|Posted by Radatz on July 11, 2017 at 10:00 PM|
I grew up with a guy we called Ghost. He was red-haired and freckled, and had to avoid sun or turn into a lobster, hence "Ghost." He went to BC undergrad, then law school. He spent a lot of time in Boston. In fact, the front page photo when the Red Sox won the pennant in 1967 (when we were still in high school) featured him and others holding Jim Lonborg on their shoulders. Two years later at Woodstock, he would manage to somehow end up on the album cover. He's clearly visible, back mostly turned, with his bright orange hair. I hadn't seen him since the early 90s when he moved away, and heard recently that he'd passed away too young.
Now to the point. He had accumulated all sorts of lore about Boston sports from his years there, a sample of which crossed my mind tonight, and I thought I'd relate it for you. It's a goodie, and I've never read it anyplace else. It is a Ted Williams story. What else? I thought of it while watching the All Star Game.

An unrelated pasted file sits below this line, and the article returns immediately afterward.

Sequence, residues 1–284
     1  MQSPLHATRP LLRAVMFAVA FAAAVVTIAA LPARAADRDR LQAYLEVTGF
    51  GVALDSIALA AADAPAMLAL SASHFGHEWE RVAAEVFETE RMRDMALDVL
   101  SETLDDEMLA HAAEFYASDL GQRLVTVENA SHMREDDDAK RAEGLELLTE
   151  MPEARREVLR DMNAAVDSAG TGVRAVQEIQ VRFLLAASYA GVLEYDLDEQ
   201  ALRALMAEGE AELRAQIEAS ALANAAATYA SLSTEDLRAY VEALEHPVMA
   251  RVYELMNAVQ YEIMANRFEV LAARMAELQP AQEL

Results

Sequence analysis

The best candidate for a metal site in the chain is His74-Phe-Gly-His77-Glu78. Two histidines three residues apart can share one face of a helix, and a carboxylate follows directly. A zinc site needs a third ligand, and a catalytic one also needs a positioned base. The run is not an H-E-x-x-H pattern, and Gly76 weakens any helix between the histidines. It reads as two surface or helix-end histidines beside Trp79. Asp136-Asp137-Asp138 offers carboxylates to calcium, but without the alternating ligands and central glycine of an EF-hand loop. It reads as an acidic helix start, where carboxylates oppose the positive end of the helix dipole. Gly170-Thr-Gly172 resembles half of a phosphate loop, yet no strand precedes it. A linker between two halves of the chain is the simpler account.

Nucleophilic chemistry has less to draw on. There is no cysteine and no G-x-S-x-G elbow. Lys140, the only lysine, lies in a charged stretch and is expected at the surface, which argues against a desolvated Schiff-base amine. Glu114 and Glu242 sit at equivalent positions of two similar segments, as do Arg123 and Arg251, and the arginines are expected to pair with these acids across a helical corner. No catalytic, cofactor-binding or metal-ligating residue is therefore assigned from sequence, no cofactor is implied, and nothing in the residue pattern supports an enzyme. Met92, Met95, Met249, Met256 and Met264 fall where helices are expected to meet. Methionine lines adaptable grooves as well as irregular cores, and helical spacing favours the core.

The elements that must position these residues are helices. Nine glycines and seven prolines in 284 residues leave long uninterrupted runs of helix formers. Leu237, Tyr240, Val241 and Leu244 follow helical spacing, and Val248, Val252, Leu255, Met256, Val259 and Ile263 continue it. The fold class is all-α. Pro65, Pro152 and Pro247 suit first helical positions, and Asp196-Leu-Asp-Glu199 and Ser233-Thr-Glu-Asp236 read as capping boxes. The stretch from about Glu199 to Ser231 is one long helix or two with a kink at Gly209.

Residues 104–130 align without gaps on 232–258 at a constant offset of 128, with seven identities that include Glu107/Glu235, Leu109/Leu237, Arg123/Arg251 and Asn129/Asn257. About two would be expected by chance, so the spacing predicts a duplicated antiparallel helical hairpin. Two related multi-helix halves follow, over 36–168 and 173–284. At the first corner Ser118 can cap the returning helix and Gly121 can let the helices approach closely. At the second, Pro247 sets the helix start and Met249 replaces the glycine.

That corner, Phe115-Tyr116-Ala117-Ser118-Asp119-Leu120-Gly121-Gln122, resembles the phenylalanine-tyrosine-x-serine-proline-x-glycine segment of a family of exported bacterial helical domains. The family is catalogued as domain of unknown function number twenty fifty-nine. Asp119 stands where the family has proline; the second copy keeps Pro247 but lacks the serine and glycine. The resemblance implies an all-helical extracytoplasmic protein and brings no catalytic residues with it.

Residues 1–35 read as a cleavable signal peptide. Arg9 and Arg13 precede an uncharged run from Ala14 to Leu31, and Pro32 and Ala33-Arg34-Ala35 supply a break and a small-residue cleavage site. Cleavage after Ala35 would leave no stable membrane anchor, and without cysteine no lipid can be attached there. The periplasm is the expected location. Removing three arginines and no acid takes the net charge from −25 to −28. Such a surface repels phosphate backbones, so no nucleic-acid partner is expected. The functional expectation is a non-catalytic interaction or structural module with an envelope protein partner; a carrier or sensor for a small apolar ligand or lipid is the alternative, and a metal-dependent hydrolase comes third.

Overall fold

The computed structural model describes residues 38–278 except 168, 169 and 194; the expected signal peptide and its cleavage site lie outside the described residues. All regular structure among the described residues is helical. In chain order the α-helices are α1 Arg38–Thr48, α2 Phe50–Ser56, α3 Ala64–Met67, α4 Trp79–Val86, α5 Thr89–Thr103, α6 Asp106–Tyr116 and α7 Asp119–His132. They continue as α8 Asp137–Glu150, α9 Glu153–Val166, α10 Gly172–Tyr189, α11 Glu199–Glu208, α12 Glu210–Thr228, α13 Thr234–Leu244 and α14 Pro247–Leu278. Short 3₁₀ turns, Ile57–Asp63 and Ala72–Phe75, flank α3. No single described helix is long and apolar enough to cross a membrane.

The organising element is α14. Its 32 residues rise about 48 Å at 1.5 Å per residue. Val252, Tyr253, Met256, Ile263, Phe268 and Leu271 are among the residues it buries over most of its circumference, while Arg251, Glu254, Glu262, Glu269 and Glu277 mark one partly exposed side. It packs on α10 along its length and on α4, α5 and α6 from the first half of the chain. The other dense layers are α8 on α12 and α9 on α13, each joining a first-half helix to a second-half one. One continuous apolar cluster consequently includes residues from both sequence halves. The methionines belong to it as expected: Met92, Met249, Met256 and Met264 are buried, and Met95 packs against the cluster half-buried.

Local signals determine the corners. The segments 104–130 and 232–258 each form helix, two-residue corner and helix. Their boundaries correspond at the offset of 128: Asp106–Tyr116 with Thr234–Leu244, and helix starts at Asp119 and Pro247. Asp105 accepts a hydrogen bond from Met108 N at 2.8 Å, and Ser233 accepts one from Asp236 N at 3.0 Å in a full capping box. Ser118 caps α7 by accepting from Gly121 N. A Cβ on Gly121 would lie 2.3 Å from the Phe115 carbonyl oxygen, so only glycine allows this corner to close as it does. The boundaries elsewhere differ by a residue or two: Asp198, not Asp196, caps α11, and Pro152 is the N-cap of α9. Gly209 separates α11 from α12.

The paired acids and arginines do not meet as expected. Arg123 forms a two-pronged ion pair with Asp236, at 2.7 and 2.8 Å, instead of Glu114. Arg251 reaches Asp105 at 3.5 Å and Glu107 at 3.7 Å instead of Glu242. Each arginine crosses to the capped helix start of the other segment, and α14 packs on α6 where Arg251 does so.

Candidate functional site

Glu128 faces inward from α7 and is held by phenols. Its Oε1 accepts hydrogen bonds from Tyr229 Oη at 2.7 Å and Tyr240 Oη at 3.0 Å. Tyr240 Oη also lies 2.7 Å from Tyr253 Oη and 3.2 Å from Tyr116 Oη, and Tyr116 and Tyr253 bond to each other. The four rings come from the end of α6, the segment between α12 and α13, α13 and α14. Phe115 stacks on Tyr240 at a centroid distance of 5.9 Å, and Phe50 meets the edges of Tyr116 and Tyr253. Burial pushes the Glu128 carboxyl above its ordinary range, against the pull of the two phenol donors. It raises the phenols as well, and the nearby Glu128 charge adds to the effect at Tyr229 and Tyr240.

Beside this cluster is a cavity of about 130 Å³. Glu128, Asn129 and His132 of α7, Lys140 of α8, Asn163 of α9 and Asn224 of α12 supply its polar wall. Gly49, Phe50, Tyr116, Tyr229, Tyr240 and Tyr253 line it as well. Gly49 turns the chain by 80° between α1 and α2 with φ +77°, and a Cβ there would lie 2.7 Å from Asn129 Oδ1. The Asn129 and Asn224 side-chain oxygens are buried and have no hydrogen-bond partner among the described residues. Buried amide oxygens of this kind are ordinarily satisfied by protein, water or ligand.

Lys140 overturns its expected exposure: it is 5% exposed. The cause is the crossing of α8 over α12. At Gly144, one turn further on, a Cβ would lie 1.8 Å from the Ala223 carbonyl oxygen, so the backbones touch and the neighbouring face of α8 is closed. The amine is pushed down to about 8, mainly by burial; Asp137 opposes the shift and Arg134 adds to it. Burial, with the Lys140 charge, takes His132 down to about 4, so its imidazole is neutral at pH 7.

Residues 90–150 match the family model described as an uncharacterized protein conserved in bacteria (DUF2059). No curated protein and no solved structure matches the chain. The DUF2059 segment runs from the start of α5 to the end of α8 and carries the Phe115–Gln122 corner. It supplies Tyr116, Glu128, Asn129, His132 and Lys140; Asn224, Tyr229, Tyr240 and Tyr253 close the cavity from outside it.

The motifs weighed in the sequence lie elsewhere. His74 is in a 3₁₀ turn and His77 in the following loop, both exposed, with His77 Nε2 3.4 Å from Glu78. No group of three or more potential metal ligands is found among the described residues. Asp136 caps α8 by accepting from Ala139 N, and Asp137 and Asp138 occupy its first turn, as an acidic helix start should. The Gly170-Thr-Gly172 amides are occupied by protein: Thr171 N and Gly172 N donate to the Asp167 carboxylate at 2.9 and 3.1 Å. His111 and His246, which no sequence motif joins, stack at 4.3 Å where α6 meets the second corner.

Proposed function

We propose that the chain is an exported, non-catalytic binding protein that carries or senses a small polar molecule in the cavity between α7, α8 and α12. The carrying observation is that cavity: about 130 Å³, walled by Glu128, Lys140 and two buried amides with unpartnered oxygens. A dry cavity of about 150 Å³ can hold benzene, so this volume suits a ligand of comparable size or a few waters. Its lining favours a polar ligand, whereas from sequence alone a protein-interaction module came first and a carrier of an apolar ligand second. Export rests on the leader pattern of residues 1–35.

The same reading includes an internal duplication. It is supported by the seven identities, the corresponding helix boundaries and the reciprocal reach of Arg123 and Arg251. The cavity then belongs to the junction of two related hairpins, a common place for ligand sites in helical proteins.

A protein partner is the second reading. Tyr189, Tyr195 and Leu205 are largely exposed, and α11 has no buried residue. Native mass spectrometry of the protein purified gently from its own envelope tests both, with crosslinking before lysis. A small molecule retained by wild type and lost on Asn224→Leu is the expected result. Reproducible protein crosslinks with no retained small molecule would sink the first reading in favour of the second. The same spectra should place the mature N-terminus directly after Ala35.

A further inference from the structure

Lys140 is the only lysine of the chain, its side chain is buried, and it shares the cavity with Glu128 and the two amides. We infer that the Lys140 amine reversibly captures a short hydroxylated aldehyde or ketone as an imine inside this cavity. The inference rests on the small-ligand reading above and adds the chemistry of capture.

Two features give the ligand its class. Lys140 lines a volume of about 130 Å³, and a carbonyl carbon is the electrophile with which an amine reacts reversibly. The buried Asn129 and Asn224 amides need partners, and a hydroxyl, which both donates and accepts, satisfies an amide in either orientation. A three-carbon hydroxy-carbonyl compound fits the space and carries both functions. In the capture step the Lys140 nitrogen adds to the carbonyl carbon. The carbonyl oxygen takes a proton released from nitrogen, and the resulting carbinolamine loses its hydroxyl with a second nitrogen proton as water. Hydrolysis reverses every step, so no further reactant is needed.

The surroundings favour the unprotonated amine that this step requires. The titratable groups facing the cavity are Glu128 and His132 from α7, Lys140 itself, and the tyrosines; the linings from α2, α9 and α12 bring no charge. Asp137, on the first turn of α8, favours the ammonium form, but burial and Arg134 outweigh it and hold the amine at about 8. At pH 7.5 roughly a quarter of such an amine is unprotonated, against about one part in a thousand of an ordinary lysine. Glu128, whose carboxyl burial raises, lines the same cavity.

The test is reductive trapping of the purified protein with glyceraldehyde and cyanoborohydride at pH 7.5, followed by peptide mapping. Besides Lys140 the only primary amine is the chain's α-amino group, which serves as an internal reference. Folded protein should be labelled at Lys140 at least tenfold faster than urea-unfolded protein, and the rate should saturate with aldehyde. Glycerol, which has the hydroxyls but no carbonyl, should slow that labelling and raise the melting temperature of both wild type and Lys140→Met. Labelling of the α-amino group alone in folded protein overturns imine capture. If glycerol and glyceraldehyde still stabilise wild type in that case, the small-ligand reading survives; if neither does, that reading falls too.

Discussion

Williams was always at odds with the local sportswriters. One off day the usual gang of hounds were at the park to sniff for stories, and got into it with Williams. "How well do you really see the ball" he was asked. He replied "I can tell if I hit the ball on the flat or on the seam." This drew the usual laughter, and finally they went to the plate with a pine-tar-blackened bat and someone threw him ten pitches to hit. With each crack of the bat he'd yell "seam" or "flat", the pine tar leaving a mark. When it was over, he'd called 9 correctly. The other one was marginal. The writers had to admit he'd proven his point.
But the best was reserved for last. Whether Ted was serious or just jabbing the wounded writers one more time is a topic for conjecture, but he added the following: "Now I'm going to tell you something you wouldn't have believed before. I can see the ball compress against the bat!"
No one argued with him.
Categories: MLB Blogs